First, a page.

As it got nearer to midnight we noticed people with fresh grapes and even small tins of grapes to be eaten as the clock struck.  We watched carefully as two quite elderly couples beside us got prepared, by putting their grapes into their champagne glasses ready for the big moment!  In England on the stroke of midnight we are used to hearing cheers, shouts of "happy new year" and kissing and hugging our loved ones, and anyone else who maybe close enough!  In Cordoba the tension seemed to rise and everyone stood looking at the clock.  As the clock in the plaza struck, it was completely silent, and each time the clock struck a grape was popped into their mouths until all 12 were gone.  Only after this did we hear cheers and shouts of  "Feliz Año Nuevo!” Followed by the universal celebrations of hugging and kissing!  We had heard the tradition of eating grapes, however we had n't realised EVERYONE did it!

The lovely elderly couples beside us offered us drinks.  Alcoholic of course, a truly scrumptios Spanish sherry called Pedro Ximénez.  It reminded me of Christmas, and the sort of drink my mum liked, and it warmed me through.  Sadly they did n't have anything non alcoholic, so poor Alan went thirsty, as he does n't drink alcohol!  We were then offered some of the very sugary sweets that you can buy in the shops around Christmas time, and enjoyed some Spanish fireworks.  All in all a really lovely evening and God willing I will be there again next year.  With my bottle, sweeties and of course grapes!

We only saw two drunk older men, and a young man that got on top of a statue in the plaza.  He was told to get down by the police, which he did, and just simply joined his friends again.  As for the two other drunk men they entertained us with some dancing!  Home for us about, and tucked up in bed by about 2am.  Great night!

 The night is young!
Our new years eve friend, very techno!
 The counting out of the grapes!
 Silence as the clock strikes!
 Naughty, naughty!

A little treat for you............


And a tad more grown up......


Sunday, January 13, 2013

It's CHRISTMAS in Cordoba!!

It maybe Christmas but it is very quiet in Montoro!  Here in Spain, the children may receive one present from Papa Noel, and the three Kings bring most of their gifts on the night of January 5th.

As Christmas can be a little lonely for us here, as all our family are back in the UK we decided to treat ourselves.  It was Alan's idea for us to book into a hotel for a night in Cordoba.  Of course we love our home, but the thought of having central heating and a dog hair free enviroment for just one night was impossible to resist.  Don't worry the animals were all fine, well fed and watered and the dogs had access to the apartment where they always sleep, so they were very comfortable!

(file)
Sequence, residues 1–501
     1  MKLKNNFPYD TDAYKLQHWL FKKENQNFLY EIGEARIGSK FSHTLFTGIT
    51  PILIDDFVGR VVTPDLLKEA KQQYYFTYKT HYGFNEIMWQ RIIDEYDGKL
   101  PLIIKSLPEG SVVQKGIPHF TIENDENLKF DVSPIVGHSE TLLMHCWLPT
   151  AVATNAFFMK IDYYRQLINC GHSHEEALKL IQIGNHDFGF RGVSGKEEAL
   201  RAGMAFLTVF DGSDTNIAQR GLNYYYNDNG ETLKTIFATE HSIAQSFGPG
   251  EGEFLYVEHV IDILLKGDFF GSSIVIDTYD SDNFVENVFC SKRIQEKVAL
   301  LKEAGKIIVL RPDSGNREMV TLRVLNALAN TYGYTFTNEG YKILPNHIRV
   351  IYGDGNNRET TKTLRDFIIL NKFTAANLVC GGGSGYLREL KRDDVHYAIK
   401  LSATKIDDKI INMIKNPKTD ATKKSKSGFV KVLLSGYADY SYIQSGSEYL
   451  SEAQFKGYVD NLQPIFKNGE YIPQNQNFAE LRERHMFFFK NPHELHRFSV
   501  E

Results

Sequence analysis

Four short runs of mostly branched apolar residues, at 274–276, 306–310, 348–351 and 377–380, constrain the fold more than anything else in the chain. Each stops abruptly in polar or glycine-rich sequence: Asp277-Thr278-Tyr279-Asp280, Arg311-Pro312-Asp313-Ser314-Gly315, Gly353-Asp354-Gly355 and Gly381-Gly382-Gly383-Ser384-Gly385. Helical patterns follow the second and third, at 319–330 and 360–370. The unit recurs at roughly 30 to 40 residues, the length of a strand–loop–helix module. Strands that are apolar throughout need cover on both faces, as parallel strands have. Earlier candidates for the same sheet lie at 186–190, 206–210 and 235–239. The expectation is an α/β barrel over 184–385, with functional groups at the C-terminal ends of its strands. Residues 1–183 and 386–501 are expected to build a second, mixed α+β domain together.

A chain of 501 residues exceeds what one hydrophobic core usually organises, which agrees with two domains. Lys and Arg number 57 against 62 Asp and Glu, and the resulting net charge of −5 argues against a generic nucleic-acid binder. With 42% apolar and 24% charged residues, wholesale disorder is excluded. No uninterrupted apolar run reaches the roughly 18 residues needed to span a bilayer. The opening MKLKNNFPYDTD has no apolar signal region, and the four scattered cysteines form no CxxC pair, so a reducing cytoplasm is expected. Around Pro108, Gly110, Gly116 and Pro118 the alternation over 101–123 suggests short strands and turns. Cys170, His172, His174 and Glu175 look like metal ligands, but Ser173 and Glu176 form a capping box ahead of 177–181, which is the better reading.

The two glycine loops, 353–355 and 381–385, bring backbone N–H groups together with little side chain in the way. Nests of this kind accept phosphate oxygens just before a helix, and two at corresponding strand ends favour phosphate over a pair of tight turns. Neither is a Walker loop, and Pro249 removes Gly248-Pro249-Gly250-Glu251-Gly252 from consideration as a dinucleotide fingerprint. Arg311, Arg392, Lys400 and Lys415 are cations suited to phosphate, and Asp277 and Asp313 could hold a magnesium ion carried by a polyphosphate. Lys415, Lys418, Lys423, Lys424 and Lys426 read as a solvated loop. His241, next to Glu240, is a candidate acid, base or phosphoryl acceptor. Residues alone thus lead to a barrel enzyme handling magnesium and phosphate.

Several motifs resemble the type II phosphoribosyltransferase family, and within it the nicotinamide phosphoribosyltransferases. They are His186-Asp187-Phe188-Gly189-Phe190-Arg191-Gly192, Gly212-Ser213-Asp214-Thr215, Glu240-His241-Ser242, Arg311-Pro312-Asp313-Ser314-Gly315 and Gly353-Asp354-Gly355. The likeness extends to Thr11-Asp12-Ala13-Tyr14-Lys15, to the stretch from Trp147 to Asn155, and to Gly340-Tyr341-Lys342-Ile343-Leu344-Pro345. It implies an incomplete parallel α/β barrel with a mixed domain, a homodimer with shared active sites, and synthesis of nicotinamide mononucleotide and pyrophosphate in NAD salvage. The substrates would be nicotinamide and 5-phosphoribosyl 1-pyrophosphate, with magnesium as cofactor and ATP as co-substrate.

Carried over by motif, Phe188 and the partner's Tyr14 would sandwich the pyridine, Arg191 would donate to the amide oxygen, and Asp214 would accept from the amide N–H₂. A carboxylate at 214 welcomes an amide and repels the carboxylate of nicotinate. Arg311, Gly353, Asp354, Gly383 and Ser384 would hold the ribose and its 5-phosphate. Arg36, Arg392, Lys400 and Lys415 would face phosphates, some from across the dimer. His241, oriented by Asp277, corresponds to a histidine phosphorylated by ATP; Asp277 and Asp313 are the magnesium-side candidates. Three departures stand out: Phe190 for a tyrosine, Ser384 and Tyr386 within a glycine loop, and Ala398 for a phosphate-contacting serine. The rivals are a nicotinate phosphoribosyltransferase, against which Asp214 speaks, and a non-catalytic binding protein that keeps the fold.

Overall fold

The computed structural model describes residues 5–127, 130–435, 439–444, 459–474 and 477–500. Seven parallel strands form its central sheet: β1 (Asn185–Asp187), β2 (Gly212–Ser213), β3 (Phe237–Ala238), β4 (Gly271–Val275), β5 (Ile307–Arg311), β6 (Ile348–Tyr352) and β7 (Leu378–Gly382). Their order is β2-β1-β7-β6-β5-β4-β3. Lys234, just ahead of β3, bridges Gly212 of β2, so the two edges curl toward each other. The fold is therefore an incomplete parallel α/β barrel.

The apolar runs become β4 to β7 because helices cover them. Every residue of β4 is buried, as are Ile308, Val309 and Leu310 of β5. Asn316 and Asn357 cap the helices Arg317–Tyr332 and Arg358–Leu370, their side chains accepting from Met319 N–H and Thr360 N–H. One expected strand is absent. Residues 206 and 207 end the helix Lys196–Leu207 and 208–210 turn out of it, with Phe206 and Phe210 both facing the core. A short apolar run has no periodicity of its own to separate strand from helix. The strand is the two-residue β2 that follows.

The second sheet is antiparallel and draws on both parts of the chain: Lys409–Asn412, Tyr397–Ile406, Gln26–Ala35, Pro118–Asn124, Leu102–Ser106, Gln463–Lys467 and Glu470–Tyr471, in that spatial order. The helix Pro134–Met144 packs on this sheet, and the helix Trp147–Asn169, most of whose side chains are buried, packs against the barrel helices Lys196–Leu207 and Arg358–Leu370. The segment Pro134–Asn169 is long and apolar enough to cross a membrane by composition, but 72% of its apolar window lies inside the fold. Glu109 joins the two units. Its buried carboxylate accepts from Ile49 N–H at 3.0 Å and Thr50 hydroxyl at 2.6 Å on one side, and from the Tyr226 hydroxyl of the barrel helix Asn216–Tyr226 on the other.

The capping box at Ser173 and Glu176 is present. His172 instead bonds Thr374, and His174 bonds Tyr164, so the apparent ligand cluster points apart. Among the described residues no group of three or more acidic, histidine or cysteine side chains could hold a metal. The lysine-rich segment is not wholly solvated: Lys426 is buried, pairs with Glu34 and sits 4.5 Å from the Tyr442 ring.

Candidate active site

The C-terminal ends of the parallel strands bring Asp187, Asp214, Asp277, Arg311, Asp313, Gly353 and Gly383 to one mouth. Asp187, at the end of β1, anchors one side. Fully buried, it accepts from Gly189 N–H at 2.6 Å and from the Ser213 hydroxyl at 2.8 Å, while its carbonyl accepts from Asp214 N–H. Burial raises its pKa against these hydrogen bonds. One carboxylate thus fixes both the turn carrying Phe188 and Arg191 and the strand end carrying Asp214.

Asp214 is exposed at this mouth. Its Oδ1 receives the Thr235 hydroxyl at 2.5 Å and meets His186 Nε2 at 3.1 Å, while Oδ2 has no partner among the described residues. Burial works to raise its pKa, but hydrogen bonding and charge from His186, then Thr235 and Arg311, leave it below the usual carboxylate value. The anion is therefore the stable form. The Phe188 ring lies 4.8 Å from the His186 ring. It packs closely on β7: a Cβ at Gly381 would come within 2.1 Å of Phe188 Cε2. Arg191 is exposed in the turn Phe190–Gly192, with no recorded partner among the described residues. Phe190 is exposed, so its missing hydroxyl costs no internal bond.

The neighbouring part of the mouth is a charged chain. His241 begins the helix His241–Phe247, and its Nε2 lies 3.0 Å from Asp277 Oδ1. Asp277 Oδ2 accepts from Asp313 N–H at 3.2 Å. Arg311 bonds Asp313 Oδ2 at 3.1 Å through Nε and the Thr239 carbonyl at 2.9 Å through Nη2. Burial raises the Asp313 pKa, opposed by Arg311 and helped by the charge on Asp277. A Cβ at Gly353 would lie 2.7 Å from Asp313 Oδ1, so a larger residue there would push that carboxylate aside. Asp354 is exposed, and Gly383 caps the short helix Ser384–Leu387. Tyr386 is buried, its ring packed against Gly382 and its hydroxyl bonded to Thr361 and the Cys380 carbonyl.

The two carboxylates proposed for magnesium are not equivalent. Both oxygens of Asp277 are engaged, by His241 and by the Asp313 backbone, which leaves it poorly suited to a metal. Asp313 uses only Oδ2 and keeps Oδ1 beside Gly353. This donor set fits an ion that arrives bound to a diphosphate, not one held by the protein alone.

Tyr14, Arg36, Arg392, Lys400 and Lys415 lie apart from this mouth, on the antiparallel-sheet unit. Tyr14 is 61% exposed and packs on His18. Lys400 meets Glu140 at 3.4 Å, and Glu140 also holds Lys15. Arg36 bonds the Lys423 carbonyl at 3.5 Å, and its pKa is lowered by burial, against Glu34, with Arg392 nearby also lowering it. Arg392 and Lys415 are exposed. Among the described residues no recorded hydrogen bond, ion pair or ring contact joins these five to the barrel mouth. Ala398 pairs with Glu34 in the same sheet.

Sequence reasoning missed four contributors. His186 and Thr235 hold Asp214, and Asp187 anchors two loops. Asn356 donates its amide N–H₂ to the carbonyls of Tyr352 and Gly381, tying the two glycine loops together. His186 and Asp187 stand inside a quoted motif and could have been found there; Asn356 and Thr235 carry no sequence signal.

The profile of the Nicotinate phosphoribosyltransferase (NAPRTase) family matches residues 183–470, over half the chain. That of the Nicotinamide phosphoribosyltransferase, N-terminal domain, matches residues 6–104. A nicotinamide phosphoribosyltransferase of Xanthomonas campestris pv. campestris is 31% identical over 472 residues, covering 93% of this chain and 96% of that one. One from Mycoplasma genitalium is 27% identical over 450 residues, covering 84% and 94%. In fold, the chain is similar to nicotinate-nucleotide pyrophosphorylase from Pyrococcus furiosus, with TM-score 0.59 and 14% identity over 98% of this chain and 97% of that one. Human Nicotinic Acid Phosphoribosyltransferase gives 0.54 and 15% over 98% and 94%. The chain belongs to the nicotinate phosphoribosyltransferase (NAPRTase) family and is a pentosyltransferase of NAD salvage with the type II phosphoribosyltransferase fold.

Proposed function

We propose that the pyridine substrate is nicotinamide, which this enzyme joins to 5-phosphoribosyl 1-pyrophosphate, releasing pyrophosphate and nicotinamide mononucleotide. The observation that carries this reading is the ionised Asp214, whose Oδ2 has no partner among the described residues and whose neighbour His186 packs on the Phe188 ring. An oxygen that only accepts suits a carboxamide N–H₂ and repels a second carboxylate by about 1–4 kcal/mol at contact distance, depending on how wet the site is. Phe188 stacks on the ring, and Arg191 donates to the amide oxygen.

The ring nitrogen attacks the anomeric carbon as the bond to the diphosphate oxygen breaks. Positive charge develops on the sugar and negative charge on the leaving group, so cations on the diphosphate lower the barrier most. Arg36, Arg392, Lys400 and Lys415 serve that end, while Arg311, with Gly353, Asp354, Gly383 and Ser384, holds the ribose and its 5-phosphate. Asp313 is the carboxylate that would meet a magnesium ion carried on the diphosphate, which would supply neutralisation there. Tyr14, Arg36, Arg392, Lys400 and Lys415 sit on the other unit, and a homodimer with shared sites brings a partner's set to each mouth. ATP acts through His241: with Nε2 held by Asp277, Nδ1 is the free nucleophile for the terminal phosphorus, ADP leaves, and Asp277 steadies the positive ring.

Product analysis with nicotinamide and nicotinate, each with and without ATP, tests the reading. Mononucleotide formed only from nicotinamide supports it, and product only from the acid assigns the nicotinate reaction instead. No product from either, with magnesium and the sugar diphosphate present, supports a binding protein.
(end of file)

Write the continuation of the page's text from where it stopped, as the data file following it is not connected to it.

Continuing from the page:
We had found the hotel on last and booked a "secret hotel," that way it's cheaper and rather exciting too.  We were lucky enough to stay in the NH Amistad, which was in the grounds of the city wall, and was rather lovely

We were so lucky, the weather was beautiful.  We relaxed for about an hour then walked into the city.  Cordoba at Christmas is beautiful, with great lights and a small fairground for the children to visit

La plaza de la Tendillas was looking particularly beautiful, with its bars open for the evening crowds.

As well as treating ourselves, there was another very good reason to come into Cordoba over the festive season, to see the Belenes, the nativity scenes.  Most of them were sitauted inside small churches, occasionally hidden down back streets of the city.  When you first enter you just cannotnot believe how beautiful some of these little churches are.  You cannot begin to describe the detail in these nativity scenes, or more than often how tiny they were.

A small part of the nativity below

These gorgeous statues were life size

And how about a real life couple!

Christmas day came and went and it was n't great if I'm honest.  It was the worst weather we had had for weeks, with clouds and drizzle, so we were very cold and did n't even put the television on until the evening.  I did however get to speak to the babies on skype, which was of course the highlight of my day.  Oh and I did n't burn the dinner, that's good for me!

Our Zumba Party

It has taken me practically a year to build up my zumba class.  In a small traditional Spanish town, the ladies like to walk.  They walk around the town, in groups, after dropping their children off at school, and then again in the evening.  Walking means they are are keeping fit, whilst catching up with the latest town gossip and it's all free!  However I think I've cracked it!  I struggled most of last year, but I was determined to keep trying hard. Personally I love zumba, some people knock it, but it works for me.  I have lost a stone and a half over the year teaching it, and I love the music and the dance style.  If other zumba instructors aren't "feeling it"  maybe they need to change their music, and let's be honest it's your own choreography that you are using?